Bob Timms is an MIC, IML and deputy training officer for the British Association of International Mountain Leaders. He works part time for Plas y Brenin as well as co-running a small holiday company - see www.activechoiceholdays.co.uk.
Don’t rely on a bloke in the pub, ask the experts what they think. This issue the expert is Karl Mather. Karl is an IML holder who spends most of his time guiding in Europe.
Q. I’d like to stay in a hut - do I need to book?
A. This depends on when you wanto travel. During the summer months some huts are near impossible to book last minute. So if you’re planning a summer trip along a popular route such as the Walkers Haute Route or the Tour of Mont Blanc you need to be booking in the autumn prior to your trip. These days it’s all easiest via the web.
Q. I’m planning a high level walk. Do I need to take all my food with me?
A. Some huts offer meals. In others you can cook what you bring with you, but they don’t normally stock much other than chocolate bars and snacks.
Q. Does a reciprocal rights card make huts cheaper?
A. The Reciprocity Fund, managed by the Swiss Alpine Club, allows the BMC to supply its members with a card entitling the holder to discounts (normally between 20% and 50%) in the many huts owned by the organisations that are signatories to the agreement (the Alpine Clubs of France, Switzerland, Italy, Germany, Holland, South Tyrol, Austria and Spain). The Reciprocal Rights card is sometimes also recognised by other organisations.
Q. Can I drink stream water in the Alps?
A. Alpine stream water from glaciers looks cloudy and is full of tiny mineral particles. These can make you feel very uncomfortable at the least, so the answer is no. Drink bottled water, at least two litres a day and take a filtration kit for emergencies. Check that you can replenish your water when booking into a hut.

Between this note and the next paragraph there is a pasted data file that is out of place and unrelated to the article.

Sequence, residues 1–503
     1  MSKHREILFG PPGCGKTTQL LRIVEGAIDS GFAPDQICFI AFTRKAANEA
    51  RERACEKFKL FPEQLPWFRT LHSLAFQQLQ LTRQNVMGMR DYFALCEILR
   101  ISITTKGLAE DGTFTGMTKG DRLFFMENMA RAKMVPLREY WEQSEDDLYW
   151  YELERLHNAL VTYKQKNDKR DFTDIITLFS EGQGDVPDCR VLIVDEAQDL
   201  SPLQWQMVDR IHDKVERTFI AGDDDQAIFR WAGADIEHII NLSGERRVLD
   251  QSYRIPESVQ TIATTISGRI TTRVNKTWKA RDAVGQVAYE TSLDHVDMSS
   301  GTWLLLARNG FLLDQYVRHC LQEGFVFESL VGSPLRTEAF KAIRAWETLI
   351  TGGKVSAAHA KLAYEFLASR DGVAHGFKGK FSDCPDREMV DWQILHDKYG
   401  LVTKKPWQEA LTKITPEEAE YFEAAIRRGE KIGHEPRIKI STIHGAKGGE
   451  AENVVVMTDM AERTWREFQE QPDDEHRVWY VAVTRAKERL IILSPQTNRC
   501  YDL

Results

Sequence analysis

Q. Can I wild camp in the Alps?
A. Wild camping isn’t allowed except in an emergency. To help save the fragile environment in the Alps you will find that Guides and IMLs use huts wherever possible.
Q. I’ve heard about AMS, but am just going walking. At what height would this become a concern?
A. This depends upon the individual, but could start from around 2500m. An extra day or two at altitude prior to the start of your walk definitely helps, as does taking it easy - don’t be over ambitious with your walking plans. You’ll find that trips led by qualified leaders include acclimatisation days and allow individuals to get used to walking at a higher altitude.
International Mountain Leaders
An International Mountain Leader (IML) works in the hills and mountains of their home country, the alpine regions and further afield. They used to be called European Mountain Leaders (EMLs), but since the establishment of the Union of International Mountain Leader Associations (UIMLA), EMLs are now known as IMLs. For their award to be valid an IML must be a member of a national association, such as the British Association of International Mountain Leaders. An IML carnet displays the UIMLA logo.
See www.baiml.org for further information.